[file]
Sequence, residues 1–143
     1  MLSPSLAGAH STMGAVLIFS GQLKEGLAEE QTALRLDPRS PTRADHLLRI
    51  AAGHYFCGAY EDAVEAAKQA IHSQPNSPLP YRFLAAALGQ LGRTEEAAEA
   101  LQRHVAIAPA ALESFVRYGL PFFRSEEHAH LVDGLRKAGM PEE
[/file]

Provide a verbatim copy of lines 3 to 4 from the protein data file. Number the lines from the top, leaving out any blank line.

    51  AAGHYFCGAY EDAVEAAKQA IHSQPNSPLP YRFLAAALGQ LGRTEEAAEA
   101  LQRHVAIAPA ALESFVRYGL PFFRSEEHAH LVDGLRKAGM PEE